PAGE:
After some fumbling around with the springs, we were able to get off a shot that showed a lot of promise.  As can been seen in the following video, the machine was far from full draw when we decided to make the shot.  The ash limbs will need to be rebuilt with some steel reinforcement to be strong enough to get them back all the way.  Also, the rope bundles for the torsion springs could be about 20% larger and pre-tensioned with more torque.  I am convinced that the power seen in the following video is a fraction of what this machine will achieve in the near future.  Even at that, it drove the 3/4 lb. bolt with a 1″ diameter blunt tip over 2 1/4″ into a frozen Catalpa stump.  Granted Catalpa isn’t a hardwood, but as a medium of comparison, that is very nearly what the Gallwey reconstruction will do with torsion springs that are twice as big.   Are we seeing the superior efficiency of the inswinger design starting to emerge here?  Perhaps so.  The next round of testing will be done with a chronograph to measure the velocity and a dynamometer to measure the draw force.  Thanks go to my neighbors and good friends,   Scott Morrison and Richard Rough for helping with the shot.  Also thanks to Angela Morrison and Bonnie Rough for taking the photos and video.  All in all, for a crude field trial,  I am quite pleased.  Now I am going to sleep for about a week before moving on to stage two: new limbs and an authentic double action winch.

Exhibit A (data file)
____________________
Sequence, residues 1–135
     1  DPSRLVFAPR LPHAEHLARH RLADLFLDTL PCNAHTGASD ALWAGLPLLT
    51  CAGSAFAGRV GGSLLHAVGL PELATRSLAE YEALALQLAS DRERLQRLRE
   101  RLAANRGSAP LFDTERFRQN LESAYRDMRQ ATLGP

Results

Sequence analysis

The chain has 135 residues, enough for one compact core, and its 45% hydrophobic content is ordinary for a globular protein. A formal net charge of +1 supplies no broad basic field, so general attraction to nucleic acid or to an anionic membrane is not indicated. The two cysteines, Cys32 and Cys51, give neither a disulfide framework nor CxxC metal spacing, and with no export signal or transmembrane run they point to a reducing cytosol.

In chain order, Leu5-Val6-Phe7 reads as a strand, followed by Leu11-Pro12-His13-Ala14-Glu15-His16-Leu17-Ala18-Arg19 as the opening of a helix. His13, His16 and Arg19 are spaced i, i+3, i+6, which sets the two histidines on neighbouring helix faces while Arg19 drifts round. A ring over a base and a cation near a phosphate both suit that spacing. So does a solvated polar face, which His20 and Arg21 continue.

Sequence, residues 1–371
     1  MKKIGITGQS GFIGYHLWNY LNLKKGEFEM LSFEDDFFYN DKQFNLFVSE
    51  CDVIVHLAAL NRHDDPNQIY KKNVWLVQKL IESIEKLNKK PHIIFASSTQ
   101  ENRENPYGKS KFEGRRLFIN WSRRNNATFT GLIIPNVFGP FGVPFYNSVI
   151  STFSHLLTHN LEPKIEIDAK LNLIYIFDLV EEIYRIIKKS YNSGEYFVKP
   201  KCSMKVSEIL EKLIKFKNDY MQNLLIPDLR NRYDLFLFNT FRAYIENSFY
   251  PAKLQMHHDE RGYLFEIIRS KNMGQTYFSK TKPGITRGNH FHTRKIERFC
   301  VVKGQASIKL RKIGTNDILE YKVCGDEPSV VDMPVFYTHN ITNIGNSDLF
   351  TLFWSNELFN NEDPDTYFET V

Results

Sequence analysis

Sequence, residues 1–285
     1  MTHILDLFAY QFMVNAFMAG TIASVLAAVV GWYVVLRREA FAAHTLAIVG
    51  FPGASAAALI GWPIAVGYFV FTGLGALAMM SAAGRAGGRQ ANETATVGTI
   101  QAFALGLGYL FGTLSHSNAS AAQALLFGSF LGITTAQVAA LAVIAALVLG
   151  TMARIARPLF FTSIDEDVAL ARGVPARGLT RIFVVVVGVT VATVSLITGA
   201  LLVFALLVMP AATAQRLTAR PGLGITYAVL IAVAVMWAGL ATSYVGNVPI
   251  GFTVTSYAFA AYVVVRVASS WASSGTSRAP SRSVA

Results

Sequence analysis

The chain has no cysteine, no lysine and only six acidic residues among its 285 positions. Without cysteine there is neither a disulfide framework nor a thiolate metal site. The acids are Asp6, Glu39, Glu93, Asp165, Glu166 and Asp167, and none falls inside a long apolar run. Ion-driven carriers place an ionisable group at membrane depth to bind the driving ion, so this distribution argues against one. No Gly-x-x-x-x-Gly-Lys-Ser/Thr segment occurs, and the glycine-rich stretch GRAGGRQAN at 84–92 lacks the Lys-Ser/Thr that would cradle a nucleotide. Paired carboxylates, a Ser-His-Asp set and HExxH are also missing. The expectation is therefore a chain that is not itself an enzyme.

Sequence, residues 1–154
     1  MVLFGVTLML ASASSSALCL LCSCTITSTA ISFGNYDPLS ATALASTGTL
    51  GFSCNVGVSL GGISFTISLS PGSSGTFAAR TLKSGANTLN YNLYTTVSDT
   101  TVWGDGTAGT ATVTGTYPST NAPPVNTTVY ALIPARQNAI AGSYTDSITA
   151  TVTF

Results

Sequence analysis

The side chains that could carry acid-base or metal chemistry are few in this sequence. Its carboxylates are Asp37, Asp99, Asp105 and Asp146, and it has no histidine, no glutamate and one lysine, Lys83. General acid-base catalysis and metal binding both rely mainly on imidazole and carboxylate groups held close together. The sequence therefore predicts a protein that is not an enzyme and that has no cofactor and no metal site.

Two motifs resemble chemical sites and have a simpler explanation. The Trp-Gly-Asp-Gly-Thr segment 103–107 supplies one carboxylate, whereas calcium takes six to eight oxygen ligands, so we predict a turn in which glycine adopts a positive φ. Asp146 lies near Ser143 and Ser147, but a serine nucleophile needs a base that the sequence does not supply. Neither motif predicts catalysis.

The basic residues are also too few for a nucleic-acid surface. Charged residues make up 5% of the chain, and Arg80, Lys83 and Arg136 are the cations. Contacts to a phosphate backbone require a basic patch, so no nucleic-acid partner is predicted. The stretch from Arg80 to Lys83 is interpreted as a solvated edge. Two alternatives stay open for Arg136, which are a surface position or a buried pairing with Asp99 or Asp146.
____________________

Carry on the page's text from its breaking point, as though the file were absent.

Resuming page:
Click here for video:  field-test-1

Scott and Richard and myself doing some fancy figuring.

2 Responses to “Video of first shot.”


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  2. granite countertops in plano says:

    Hey There Wattsunique,
    On a similar note, One of the most common problems you will face as a project manager is to collect information about task progress. Whether it is as simple as asking your team to report back the progress of each task, or if it involves multiple teams or organizations, the essential obstacle you face is the same; how to get an up-to-date view of the state of your project.
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